Wednesday, April 15

WHAT MILWAUKEE CAN TEACH US ABOUT SOCIALISM

John Gurda, Milwaukee Journal Sentinel - To many Americans, socialism means being governed by the government - suffocating under layers of bureaucracy that sop up tax dollars and smother individual initiative.

And that's the positive view. Some critics carelessly lump socialism together with anarchism or even communism. After invoking the "s" word at the recent conservative conference, former Arkansas Gov. Mike Huckabee said, "Lenin and Stalin would love this stuff." He conveniently forgot, or perhaps never knew, that most American socialists were sworn enemies of Soviet Communism.

The view from Milwaukee is radically different. I'm not a socialist and never have been, but I can testify that Socialism - with a capital "S"- was one of the best things that ever happened to this city. Without realizing it, even the most red-blooded capitalists are enjoying the fruits of their efforts, from spacious parks to clean streets and from a working infrastructure to an expectation, however frequently disappointed, of honest government.

Before the Socialists took charge, Milwaukee was just as corrupt as Chicago at its worst. Our mayor at the turn of the 20th century was David Rose, a political prince of darkness who allowed prostitution, gambling dens, all-night saloons and influence-peddling to flourish on his watch. Grand juries returned 276 indictments against public officials of the Rose era. . . ."

In 1910, fed-up voters handed Socialists the keys to the city. Emil Seidel, a patternmaker by trade, won the mayor's race in a landslide, and Socialists took a majority of seats on the Common Council. The election was not a fluke. Seidel served from 1910 to 1912, Daniel Hoan from 1916 to 1940 and Frank Zeidler from 1948 to 1960. No other big city in America entrusted its government to the Socialists, much less kept them in office for most of 50 years. That record makes Milwaukee unique in the nation.

What did the Socialists stand for? In his tellingly titled memoir, "A Liberal in City Government," Zeidler described the party's tenets as a hybrid of lofty thoughts and real-world concerns: "The socialist movement was inspired by the hope of a brotherhood of workers, the Cooperative Commonwealth; by a fierce opposition to war; by a belief in the rights of people; by a passion for orderly government; and by a contempt for graft and boodling.". . .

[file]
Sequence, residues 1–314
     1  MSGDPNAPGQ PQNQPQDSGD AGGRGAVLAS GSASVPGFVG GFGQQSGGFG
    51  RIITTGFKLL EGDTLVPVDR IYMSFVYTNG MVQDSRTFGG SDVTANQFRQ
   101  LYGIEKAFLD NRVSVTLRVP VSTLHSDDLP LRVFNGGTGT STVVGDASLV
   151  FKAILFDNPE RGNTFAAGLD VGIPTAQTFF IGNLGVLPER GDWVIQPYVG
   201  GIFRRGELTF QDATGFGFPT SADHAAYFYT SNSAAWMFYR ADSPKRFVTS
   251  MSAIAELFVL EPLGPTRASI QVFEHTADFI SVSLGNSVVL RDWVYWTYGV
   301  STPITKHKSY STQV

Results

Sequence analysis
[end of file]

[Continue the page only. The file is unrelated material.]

The Socialists set out to win elections, and they built a remarkably effective campaign organization. It was based on a hand-in-glove alliance with organized labor and fueled by the famous "bundle brigade," a platoon of party workers who could reach any household in the city with literature on any issue in any of several languages within 48 hours.

And what did they do once they were in office? They governed, first of all, with unimpeachable integrity. . .

Contrary to popular belief, they did not try to socialize everything in sight. With the exception of the streetcar company, whose services they felt belonged in the public domain (and eventually got there), they accepted the American premise of private ownership. When one of Zeidler's 1948 opponents charged that he would socialize the corner grocery store if he were elected, Zeidler promptly went out and got the endorsement of the Independent Grocers Association.

The key to understanding Milwaukee's Socialists is the idea of public enterprise. They didn't just manage, and they didn't just enforce laws and regulations. They pushed a program of public necessities that had a tangible impact on the average citizen's quality of life: public parks, public libraries, public schools, public health, public works (including sewers), public port facilities, public housing, public vocational education and even public natatoria.

Underlying their notion of public enterprise was an abiding faith - curiously antique by today's standards - in the goodness of government, especially local government. The Socialists believed that government was the locus of our common wealth - the resources that belong to all of us and each of us - and they worked to build a community of interest around a deeply shared belief in the common good. . .

Time Magazine called Milwaukee "perhaps the best-governed city in the U.S." in 1936, and the community won trophy after trophy for public health, traffic safety and fire prevention. The health prize came home so often that Milwaukee had to be retired from competition to give other municipalities a chance. . .

1 Comments:

At 2:16 PM, Anonymous Anonymous said...

Came across your blog by chance. Thanks, a great read. Informative, inspiring. Never been to Milwaukee, but now I'll have to read up on its history.

 

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